Do It Yourself: How To Repair Pot Holes In Asphalt Driveways

Save money and enjoy the sense of accomplishment you will feel after completing this home repair project on your own.

As with all home repair projects safety is an issue, and there are basic measures you should keep in mind when repairing pot holes in your driveway:

-Always follow the manufacturer's instructions. If you are confused by the instructions, contact the manufacturer or the store from which you purchased the product for advice.

-As with other chemicals, keep asphalt products away from heat and open flame.



-Always wear heavy duty work gloves, clothes, and shoes when working with asphalt to help avoid contact with your skin.

-You should also wear safety glasses, and if you will be exposed to the fumes from asphalt products for long periods of time you should wear a filtered breathing mask.

To begin the pot hole repair project, remove any loose gravel, dirt or debris from the pot hole and the surrounding surface. There cannot be any standing water in the hole, but if it is just a bit damp, you may proceed. Use "liquid asphalt" to prime the repair area. This will help the new surface bond with the old one. Stir as needed before use, and always seal containers tightly before storing. If the hole is more than six inches deep, fill it with gravel before patching. It is best to fill it to about three or four inches from the top. Pat or "tamp" the gravel down until it is packed firmly. You don't need any special tools. A simple garden trowel is sufficient.

There is no need to incur the expense or possible danger associated with "hot-mix" patching materials. A safer, simpler, more cost effective material is "cold-mix" patching compound. Add about two inches of patching product over the gravel and tamp it down firmly to compress it. Doing so will help prevent air pockets. Continue adding patching product about two inches at a time, tamp down firmly as before, and continue this process until hole is filled and the surface has a slight mound. Using a garden roller or the tire of your car, roll over the mound until it is flattened down. If the tire collects a lot of asphalt, lay down a thin piece of plywood first. Be sure to fill in any low spots with patching product, and tamp down. When all patched areas are smooth and even with the rest of the driveway surface, the patching is complete.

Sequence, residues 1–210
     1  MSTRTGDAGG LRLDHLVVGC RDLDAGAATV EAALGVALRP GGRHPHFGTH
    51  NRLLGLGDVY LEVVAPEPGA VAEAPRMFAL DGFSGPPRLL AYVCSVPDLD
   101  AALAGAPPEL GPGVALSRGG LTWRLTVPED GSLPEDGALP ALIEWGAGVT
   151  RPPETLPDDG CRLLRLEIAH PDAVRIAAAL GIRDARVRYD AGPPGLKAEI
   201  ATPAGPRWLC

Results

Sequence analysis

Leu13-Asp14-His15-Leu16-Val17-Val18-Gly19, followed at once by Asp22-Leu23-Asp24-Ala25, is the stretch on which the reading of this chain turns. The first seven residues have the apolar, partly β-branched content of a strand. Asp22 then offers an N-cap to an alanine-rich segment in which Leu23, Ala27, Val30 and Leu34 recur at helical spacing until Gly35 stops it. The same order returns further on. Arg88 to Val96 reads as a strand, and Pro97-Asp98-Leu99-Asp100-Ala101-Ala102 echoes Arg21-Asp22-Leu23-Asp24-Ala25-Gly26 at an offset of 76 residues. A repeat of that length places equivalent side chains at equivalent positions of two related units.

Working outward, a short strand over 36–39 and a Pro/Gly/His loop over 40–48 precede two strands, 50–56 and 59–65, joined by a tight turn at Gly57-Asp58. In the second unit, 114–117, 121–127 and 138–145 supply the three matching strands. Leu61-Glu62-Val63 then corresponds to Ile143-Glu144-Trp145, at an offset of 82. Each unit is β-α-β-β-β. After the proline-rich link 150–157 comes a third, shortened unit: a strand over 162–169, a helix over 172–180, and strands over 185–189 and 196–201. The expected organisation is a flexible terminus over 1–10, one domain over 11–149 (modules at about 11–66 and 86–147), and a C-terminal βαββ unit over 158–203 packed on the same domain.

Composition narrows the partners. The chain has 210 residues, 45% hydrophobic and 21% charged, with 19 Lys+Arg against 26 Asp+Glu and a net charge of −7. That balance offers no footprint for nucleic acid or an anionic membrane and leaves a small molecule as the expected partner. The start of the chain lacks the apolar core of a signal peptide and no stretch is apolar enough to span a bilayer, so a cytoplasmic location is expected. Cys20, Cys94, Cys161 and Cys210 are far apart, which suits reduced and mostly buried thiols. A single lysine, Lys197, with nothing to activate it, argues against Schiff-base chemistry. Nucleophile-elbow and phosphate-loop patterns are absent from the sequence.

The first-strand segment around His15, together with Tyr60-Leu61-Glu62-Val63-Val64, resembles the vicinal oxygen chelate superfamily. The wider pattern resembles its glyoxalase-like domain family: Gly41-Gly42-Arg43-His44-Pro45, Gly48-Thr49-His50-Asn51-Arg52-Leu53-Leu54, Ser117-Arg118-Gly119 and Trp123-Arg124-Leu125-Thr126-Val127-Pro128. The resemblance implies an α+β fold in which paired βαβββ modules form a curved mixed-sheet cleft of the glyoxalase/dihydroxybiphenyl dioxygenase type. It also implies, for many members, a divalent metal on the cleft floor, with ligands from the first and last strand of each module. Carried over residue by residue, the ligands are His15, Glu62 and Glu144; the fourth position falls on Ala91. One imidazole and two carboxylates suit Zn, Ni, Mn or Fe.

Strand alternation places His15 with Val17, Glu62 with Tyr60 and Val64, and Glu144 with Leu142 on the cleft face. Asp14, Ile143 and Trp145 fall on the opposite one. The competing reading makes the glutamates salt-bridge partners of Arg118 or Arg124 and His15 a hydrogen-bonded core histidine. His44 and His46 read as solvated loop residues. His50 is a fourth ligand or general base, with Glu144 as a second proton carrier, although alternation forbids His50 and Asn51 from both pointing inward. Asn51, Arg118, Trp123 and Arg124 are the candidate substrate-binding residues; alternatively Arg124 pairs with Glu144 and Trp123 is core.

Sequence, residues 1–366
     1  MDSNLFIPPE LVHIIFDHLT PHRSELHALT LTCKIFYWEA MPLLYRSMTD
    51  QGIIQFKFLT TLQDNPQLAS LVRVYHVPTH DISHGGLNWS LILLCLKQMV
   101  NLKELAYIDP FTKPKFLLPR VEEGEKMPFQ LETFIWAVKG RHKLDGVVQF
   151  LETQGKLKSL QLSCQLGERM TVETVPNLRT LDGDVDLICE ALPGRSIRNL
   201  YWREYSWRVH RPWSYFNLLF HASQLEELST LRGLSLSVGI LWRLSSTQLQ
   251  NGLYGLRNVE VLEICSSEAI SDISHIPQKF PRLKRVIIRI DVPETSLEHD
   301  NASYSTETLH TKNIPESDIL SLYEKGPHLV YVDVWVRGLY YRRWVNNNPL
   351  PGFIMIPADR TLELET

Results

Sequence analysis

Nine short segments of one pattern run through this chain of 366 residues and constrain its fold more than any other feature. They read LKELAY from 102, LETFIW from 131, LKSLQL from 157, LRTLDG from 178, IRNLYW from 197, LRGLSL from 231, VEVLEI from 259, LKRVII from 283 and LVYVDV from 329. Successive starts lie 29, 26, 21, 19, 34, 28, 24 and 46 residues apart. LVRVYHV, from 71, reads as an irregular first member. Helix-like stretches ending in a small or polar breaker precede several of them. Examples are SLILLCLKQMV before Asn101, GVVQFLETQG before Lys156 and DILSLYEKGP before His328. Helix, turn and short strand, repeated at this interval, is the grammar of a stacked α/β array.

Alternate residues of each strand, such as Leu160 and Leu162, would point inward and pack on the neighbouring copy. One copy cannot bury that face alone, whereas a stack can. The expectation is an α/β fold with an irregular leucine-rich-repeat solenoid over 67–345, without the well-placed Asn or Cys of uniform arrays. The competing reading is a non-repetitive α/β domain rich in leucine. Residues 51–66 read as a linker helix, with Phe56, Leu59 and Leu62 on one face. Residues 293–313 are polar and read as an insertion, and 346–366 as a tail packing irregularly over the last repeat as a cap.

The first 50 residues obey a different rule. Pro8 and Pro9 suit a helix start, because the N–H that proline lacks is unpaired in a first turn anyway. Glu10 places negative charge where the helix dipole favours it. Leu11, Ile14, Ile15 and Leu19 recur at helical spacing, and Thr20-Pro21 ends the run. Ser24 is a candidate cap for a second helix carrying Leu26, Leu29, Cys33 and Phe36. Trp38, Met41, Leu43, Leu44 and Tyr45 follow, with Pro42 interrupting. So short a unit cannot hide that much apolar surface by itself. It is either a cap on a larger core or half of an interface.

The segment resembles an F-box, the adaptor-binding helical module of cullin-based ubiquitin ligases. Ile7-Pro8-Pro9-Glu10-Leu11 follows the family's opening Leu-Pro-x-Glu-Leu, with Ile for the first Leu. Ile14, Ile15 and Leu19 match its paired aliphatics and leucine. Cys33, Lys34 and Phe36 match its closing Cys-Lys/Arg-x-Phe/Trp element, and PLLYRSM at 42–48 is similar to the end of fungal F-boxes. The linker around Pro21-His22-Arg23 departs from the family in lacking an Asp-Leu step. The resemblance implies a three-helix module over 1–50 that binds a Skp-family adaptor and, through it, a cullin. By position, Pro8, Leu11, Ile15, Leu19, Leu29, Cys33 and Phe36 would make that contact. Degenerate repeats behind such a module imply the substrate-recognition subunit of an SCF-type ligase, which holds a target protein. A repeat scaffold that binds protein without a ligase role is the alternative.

Allow the patched area to remain unused for at least several hours. In some cases it can require a wait time of up to two days before the surface is again ready to hold the weight of your vehicle. Always wait at least two days before attempting to seal coat the driveway. The surface must be clean before you can apply the seal coat. Sweep away dust and debris and scrub away oil or other fluids with detergent. Rinse thoroughly and allow it to dry before seal coating.

You can also purchase an asphalt repair kit instead of using traditional methods. There are different brands and varieties, but the most popular ones come with everything you need to complete the repair. You will have to mix your own patching compound but the kits come with instructions and the necessary tools and ingredients. Some kits claim that the repair will be complete, and it will be safe to drive over, in about an hour.

A newer patching product claims to be the fastest, easiest, least expensive, and best quality product available for asphalt patching. The product is made to outlast hot asphalt and it doesn't require any priming, mixing, or special tools. All you have to do is pour the ready-mixed product into the hole, tamp it down, and drive over it. It can be used any time of year and is said to withstand all climates. Check with your local home improvement center for availability and customer satisfaction regarding these products, or look them up online.

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